Shamima Begum and Other Cases

Part of the debate – in the House of Commons at 4:41 pm on 11th March 2019.

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Photo of Rushanara Ali Rushanara Ali Labour, Bethnal Green and Bow 4:41 pm, 11th March 2019

Shamima Begum was my constituent. She fled to Syria in 2015, along with two other girls, after being groomed and radicalised—mainly online—and influenced by a former classmate who had left earlier. As the Home Secretary will know, the police were working in enormously difficult circumstances, but one of the errors made was their sending letters about interviewing the girls to the girls themselves instead of their parents. The police subsequently apologised for the error. The girls were minors then, and they had not committed crimes at the time when Shamima Begum fled.

I recognise, especially given what she has said in the media, the abhorrent views that Shamima Begum now holds and the fact that she has been radicalised, but, that said, no child should face punishment for the sins of its parent, and in this case that child is the child that died. I disagree with the Home Secretary’s decision to rescind her citizenship, because doing so makes her stateless, given that the Bangladeshi authorities do not recognise that she has citizenship of their country.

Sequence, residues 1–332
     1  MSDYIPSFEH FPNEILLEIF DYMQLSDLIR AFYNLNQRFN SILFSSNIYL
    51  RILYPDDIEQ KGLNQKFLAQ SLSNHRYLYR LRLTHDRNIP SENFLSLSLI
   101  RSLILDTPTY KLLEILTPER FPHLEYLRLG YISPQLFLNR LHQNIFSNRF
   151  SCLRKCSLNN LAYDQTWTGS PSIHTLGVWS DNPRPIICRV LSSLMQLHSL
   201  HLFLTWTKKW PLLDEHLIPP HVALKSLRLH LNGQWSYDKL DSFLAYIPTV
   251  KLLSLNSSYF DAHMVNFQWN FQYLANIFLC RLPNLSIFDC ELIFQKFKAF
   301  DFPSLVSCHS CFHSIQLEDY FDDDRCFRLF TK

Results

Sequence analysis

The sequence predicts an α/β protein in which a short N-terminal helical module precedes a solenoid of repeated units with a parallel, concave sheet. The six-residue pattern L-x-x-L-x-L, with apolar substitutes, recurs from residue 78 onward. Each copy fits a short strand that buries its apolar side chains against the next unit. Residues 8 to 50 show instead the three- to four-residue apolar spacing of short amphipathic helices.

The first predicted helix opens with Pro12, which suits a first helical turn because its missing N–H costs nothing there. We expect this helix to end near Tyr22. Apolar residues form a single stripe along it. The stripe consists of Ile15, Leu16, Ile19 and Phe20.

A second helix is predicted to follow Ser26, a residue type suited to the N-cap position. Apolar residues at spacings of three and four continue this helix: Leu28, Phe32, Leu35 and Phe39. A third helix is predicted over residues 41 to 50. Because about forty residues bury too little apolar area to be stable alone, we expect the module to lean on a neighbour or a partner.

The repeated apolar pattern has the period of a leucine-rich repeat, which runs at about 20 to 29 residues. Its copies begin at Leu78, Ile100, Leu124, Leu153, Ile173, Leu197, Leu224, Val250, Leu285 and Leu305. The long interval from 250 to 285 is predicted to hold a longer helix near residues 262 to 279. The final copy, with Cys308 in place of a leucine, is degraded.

That said, national security and the protection of our communities are paramount. I want to flag up some of the issues that my constituents have raised, because we need to think deeply about how we deal with them. My constituents are concerned about the fact that the case has gained the oxygen of publicity, and about the abhorrent views that have been allowed to be peddled in our media day in, day out. My constituents are worried about the repercussions and the possibility of a backlash from far-right groups. I have already had cases of innocent people, who happen to be Muslim, being attacked. Those are the issues that we have to reckon with and deal with.

My constituents are concerned to ensure that if people are returned—as they should be, given the debates about nationality—they should be prosecuted and face the full force of the law. If those people are returned into their communities, we face the massive challenge of dealing with backlashes in those returnees’ localities. Our constituents become vulnerable to attacks from the far right and other religious extremists, and they may face unhelpful media attention while they are trying to get on with their lives.

I ask the Home Secretary this, once again: will he please work with the Foreign Secretary and our allies in other countries to come up with a long-term solution? We must address the problem of people who go to conflict regions, to ensure that they do not find clandestine ways to return to our country, create more insecurity and pose a greater danger to people’s lives.